SEIYU TESTS WAL-MART-STYLE SUPERCENTER

TOKYO -- The first Japanese version of a Wal-Mart supercenter -- operated by Seiyu, a major supermarket chain now under the umbrella of its largest shareholder, Wal-Mart Stores, Bentonville, Ark. -- debuted earlier this month in the city of Numazu, southwest of Yokohama.The one-story, 87,000-square-foot supercenter, modeled after the ones operated by Wal-Mart in the U.S., has all merchandise -- from

TOKYO -- The first Japanese version of a Wal-Mart supercenter -- operated by Seiyu, a major supermarket chain now under the umbrella of its largest shareholder, Wal-Mart Stores, Bentonville, Ark. -- debuted earlier this month in the city of Numazu, southwest of Yokohama.

The one-story, 87,000-square-foot supercenter, modeled after the ones operated by Wal-Mart in the U.S., has all merchandise -- from food and clothing to home products -- displayed on one floor. The Numazu store is a "pilot" unit, a Seiyu spokeswoman said, explaining that the company plans to add more supercenters beginning in 2007. She declined to say how many more are planned.

Greg Penner, chief financial officer of Wal-Mart Japan, told media sources that the Numazu store will attract Japanese shoppers by catering to their local tastes. The food section in the Numazu store is much larger than in Wal-Mart's U.S. stores, he pointed out, while sushi is prepared in full view of shoppers, rather than prepackaged.

Under its new five-year business plan beginning this year, Seiyu is embarking on an aggressive expansion by taking advantage of Wal-Mart's global procurement capability and store management technology.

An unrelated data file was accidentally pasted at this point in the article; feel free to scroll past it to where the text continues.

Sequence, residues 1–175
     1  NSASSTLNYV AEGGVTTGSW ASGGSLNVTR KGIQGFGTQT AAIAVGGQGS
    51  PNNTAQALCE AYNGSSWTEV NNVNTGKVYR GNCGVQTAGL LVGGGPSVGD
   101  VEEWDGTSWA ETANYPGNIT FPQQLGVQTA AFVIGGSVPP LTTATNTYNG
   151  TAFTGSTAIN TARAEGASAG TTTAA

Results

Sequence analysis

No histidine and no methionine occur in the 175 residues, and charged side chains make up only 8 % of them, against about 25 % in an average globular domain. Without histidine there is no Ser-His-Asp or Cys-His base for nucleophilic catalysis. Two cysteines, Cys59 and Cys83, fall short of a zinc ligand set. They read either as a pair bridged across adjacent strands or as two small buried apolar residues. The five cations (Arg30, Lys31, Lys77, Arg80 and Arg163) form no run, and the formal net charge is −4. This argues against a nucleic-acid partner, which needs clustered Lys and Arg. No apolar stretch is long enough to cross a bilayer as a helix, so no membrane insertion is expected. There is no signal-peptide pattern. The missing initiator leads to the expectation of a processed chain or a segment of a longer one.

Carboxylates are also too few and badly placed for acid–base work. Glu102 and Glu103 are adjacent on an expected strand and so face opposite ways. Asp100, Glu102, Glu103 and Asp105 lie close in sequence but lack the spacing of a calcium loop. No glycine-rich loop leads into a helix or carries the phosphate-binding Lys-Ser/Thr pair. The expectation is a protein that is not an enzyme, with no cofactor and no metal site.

Wal-Mart currently owns a 37.8% stake in Seiyu, but it owns warrants that would allow it to increase its stake at designated intervals during the next three years.

In April, Seiyu opened several other large-scale supermarkets. A 97,000-square-foot supermarket with three floors opened in Oji, Nara Prefecture in western Japan. The store sells a wide range of merchandise including private-label products and imported goods. A third, 217,000-square-foot complex, which merchandises food, clothing, hobby items and sundry goods, opened in Fusso outside of Tokyo.

For the first quarter ended March 31, Seiyu narrowed its loss of 4.7 billion yen ($43 million) over the loss of 47 billion yen posted a year ago. Revenue was off 0.7% to 261 billion yen ($2.4 billion) from 263 billion yen in last year's period.

The company is projecting a profit this year of $4.6 million on sales of $10.2 billion, compared with losses of $754 million in 2002 and $67 million in 2003.

However, Seiyu faces a tough competitive market, according to industry sources. France's Carrefour operates eight stores in Japan; Costco has four stores and Metro of Germany two. Britain's Tesco last year bought C Two-Network, a convenience retailer with 78 stores in the Tokyo area, and it is expected to buy Fre'c, a chain of food markets later this year. Aeon Group, a local competitor, is planning 100 Wal-Mart-style supercenters in suburban areas by the end of next year, up from the four it already operates. Beisia Group, a conglomerate of retail and other businesses, expects to open 75 supercenters by the end of next year.